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Hoffmann, R. A wiki for the life sciences where authorship matters. Nature Genetics (2008)

Bile acid efflux mediated by the rat liver canalicular bile acid transport/ecto-ATPase protein requires serine 503 phosphorylation and is regulated by tyrosine 488 phosphorylation.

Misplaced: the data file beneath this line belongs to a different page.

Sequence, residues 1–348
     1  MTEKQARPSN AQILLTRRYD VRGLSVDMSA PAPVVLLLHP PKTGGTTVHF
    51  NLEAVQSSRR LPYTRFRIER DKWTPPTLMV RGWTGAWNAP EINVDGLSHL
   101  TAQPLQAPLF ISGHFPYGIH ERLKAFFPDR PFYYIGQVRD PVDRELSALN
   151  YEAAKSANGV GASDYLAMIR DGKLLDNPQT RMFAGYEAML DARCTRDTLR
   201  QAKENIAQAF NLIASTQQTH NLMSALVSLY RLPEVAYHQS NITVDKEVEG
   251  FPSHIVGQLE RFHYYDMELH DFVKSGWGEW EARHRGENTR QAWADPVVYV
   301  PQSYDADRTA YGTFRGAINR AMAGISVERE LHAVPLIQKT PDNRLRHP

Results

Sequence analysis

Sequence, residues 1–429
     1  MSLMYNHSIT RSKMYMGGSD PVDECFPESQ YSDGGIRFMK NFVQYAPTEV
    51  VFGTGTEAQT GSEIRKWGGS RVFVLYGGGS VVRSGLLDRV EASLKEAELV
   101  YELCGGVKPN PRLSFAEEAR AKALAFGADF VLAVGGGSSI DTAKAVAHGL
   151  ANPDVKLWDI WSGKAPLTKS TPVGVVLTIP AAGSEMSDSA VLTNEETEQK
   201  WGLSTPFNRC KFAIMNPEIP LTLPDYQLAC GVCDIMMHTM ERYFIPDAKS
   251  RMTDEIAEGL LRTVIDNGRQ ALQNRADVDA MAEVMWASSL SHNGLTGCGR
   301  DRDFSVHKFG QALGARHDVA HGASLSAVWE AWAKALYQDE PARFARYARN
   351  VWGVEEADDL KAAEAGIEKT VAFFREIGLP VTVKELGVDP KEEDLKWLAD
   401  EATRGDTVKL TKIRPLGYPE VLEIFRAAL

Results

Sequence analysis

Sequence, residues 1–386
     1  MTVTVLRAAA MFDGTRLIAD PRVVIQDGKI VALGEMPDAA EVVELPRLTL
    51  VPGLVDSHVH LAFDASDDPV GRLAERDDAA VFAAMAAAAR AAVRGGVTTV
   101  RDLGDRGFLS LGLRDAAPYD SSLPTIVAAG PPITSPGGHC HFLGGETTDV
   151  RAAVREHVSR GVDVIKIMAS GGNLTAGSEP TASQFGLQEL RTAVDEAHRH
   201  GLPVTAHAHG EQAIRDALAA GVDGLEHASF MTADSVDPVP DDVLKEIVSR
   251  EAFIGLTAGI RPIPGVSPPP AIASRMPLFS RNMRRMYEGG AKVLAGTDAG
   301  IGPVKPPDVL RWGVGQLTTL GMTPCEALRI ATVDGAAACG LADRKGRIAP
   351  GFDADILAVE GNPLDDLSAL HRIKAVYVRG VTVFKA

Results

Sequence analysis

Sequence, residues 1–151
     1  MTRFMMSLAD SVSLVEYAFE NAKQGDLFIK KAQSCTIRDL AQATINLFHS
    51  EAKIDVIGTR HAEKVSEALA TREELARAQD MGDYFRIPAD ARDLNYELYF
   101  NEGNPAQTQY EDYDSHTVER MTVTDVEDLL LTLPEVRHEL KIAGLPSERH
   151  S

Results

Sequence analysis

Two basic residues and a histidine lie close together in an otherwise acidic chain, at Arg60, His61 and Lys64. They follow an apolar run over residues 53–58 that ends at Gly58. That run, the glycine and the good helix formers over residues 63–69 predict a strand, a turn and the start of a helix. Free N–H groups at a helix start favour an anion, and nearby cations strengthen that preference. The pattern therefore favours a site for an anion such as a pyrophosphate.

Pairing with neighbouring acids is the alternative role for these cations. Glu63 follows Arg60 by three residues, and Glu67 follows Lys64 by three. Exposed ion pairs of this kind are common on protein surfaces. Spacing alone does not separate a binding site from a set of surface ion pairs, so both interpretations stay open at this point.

Transfection of cDNA for a hepatocyte canalicular phosphoprotein, the rat liver canalicular bile acid transporter/ecto-ATPase/cell CAM 105, confers bile acid efflux and ecto-ATPase activities on heterologous cells (Sippel, C. J., Suchy, F. J., Ananthanarayanan, M., and Perlmutter D. H. (1993) J. Biol. Chem. 268, 2083-2091). Our previous studies have also indicated that there is a positive correlation between the degree of phosphorylation of this transporter and its bile acid efflux activity. In this study, we introduced site-specific mutations of amino acid residues within a protein kinase C-dependent (T502A, S503A) and a tyrosine kinase-dependent (Y488F) phosphorylation consensus sequence in the cytoplasmic tail of this transporter in order to map the sites that are phosphorylated in vivo and to examine the functional significance of each. COS cells were transfected with mutant and wild type constructs using the pCDM8 expression vector. Metabolic labeling and cell surface labeling showed that the mutant proteins were synthesized and delivered to the cell surface as efficiently as the wild type. Phosphoamino acid analysis using lysates of transfected cells showed that the T502A, S503A mutant contained [32P]phosphotyrosine, the Y488F mutant contained [32P]phosphoserine, and the wild type contained both 32P-labeled amino acids, proving that Ser503 and Tyr488 are the only amino acids phosphorylated in this system under control conditions. Bile acid transport activity was completely abrogated in cells transfected with the T502A, S503A mutant cDNA and was retained but altered in kinetic characteristics in cells transfected with the Y488F mutant cDNA, even though both of these constructs conferred ecto-ATPase activity to the same extent as the wild type cDNA. Taken together, these data show that the bile acid efflux activity of this transporter requires site-specific phosphorylation of Ser503 and is regulated by site-specific phosphorylation of Tyr488.[1]


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